Doreen 'Dee' Snowsill received a nasty shock on Mother's Day morning when she noticed her mobility scooter had been stolen.
It is one of three recent mobility scooter thefts in Furnissdale, two of which occurred last Saturday night.
After ensuring the scooter was charging, and tucked away under a tarpaulin, Ms Snowsill couldn't believe her eyes when she found it missing on Sunday morning.
"I am just so angry. It's a stab in the heart," she said.
"Have you got a granny? Have you got a mother? Because this is how they'll be wanting to get around. And you've taken that away from them."
Almost completely relying on the mobility scooter for her independence, Ms Snowsill hasn't left her Furnissdale unit since Sunday.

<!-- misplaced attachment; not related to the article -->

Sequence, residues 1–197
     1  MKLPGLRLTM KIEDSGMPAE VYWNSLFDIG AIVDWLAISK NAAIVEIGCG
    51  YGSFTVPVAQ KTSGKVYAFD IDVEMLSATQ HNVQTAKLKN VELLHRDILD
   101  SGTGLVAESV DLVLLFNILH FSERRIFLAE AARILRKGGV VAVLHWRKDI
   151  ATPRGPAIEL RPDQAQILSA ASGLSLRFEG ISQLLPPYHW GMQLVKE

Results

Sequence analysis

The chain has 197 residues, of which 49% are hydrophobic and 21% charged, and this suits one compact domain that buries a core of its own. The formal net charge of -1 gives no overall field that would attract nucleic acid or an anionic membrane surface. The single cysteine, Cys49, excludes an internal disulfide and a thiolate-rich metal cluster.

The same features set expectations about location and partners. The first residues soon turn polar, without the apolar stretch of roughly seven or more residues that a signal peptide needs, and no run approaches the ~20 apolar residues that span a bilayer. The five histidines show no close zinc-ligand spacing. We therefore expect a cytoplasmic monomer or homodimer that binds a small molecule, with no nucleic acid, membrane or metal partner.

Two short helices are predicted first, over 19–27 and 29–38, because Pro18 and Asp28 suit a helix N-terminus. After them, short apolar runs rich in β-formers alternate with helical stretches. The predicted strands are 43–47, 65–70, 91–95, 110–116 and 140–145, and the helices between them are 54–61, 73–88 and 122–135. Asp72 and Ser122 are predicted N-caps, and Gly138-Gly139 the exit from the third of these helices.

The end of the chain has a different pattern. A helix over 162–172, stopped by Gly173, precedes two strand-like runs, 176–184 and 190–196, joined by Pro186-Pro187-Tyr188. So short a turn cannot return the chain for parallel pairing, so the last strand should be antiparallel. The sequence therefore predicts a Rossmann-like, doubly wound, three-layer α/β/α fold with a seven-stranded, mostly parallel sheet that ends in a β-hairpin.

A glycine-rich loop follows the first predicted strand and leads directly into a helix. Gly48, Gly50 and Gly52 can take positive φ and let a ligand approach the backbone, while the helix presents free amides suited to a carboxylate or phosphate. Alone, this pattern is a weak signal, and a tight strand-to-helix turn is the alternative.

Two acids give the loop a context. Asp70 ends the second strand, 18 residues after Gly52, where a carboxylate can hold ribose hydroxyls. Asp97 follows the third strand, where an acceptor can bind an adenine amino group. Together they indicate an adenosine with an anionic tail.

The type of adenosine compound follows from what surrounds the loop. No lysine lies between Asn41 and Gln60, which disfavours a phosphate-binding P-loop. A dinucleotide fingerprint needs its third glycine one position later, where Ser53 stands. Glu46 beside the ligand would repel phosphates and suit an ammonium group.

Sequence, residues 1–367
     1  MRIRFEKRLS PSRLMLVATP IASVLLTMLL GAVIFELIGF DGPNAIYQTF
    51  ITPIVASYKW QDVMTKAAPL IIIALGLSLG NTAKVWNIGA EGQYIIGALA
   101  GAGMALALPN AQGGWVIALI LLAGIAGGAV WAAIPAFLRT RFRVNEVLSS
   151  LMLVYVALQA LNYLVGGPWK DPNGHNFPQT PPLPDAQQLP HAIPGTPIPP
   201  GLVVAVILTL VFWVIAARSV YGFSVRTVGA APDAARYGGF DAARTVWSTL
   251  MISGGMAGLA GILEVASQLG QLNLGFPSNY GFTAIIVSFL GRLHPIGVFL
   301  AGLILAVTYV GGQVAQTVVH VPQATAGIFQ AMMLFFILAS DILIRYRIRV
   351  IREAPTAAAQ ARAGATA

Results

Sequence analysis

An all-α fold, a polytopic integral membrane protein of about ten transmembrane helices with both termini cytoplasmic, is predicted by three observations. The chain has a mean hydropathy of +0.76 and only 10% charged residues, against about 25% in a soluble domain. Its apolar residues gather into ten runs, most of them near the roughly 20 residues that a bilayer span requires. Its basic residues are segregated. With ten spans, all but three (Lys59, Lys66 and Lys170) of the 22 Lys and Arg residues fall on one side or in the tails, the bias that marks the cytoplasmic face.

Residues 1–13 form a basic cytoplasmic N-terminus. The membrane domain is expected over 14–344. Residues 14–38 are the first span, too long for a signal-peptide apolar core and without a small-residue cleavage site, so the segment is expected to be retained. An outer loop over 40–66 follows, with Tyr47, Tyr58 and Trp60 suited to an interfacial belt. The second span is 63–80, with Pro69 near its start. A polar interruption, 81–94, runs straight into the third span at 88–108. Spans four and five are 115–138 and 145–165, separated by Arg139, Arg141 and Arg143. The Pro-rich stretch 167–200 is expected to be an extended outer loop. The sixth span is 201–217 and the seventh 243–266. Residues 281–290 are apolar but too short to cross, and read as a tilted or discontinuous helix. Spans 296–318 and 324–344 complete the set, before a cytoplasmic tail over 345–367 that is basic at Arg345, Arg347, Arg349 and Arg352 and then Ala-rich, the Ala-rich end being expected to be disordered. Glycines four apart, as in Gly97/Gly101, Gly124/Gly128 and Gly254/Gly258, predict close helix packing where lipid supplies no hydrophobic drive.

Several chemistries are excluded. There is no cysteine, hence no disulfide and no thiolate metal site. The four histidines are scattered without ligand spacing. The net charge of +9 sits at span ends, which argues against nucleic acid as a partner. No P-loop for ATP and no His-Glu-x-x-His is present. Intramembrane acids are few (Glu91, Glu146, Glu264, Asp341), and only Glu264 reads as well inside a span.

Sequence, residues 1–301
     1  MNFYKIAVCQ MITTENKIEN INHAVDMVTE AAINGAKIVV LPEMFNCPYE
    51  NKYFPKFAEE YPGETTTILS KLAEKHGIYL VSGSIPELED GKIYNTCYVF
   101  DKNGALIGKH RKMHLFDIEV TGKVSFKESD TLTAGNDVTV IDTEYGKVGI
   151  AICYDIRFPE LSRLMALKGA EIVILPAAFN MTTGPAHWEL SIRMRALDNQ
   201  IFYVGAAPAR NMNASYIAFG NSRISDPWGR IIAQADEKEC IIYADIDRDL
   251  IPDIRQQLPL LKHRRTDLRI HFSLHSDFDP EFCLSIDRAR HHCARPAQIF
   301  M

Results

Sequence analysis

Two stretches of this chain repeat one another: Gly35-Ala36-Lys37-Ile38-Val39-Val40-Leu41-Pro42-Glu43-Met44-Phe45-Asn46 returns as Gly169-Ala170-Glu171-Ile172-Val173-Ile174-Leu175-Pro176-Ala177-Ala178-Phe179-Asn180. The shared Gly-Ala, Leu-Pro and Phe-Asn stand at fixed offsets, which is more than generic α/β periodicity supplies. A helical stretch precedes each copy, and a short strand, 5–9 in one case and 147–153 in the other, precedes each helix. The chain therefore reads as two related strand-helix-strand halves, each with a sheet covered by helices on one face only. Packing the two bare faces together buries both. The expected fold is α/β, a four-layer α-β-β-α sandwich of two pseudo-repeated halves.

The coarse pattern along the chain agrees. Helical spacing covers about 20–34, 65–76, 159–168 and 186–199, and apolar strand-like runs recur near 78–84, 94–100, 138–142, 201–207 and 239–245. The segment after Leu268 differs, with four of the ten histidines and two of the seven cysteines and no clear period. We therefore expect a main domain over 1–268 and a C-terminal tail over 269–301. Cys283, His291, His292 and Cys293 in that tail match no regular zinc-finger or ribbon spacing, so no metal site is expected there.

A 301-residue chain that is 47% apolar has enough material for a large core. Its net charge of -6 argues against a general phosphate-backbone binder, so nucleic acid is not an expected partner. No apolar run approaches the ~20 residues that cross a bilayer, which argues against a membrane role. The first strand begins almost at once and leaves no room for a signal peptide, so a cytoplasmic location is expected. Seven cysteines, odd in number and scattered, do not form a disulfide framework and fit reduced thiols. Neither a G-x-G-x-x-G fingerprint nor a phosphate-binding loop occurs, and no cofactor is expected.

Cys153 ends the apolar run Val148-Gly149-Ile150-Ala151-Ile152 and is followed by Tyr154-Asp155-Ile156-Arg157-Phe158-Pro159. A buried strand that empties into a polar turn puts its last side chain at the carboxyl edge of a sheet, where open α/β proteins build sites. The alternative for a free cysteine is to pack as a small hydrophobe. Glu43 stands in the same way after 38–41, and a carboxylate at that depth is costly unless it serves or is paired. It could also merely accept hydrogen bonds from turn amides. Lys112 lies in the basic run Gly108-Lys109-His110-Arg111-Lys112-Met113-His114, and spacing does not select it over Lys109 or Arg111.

Kevin McCulloch was another resident who had his mobility scooter stolen on the same night, and the high quality bike lock used to secure it had been cut.
Mr McCulloch is less reliant on his scooter for mobility, and uses it for convenience. The principle of it is what upsets him the most. Over the last three years, Mr McCulloch has had other personal possessions stolen from his unit, including a bike and fishing rods. He expressed his disappointment with crime in the area.
"They must have known the value of it, and how to move it because they cut the lock. They came prepared with bolt cutters and managed to avoid CCTV," he said. "It's a horrible feeling. Honestly, it's getting a pretty scary place to live."
The incident has left Ms Snowsill also considering moving.
Senior Sergeant Ross Blake said most mobility scooters were recovered after being stolen. "Historically it has been kids messing around, but we don't know this time around." Sgt Blake also added that the batteries in mobility scooters could contain metals such as lithium and methyl, which could make them a target for thieves.
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